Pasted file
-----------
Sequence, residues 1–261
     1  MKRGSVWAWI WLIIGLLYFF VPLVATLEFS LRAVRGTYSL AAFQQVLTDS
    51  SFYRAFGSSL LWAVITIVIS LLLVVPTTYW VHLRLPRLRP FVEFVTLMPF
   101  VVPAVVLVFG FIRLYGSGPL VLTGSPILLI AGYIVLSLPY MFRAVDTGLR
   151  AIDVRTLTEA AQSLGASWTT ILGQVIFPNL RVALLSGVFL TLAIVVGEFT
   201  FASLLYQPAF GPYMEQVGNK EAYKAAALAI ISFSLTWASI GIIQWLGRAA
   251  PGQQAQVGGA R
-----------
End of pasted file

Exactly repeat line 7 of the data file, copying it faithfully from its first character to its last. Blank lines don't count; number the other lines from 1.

   251  PGQQAQVGGA R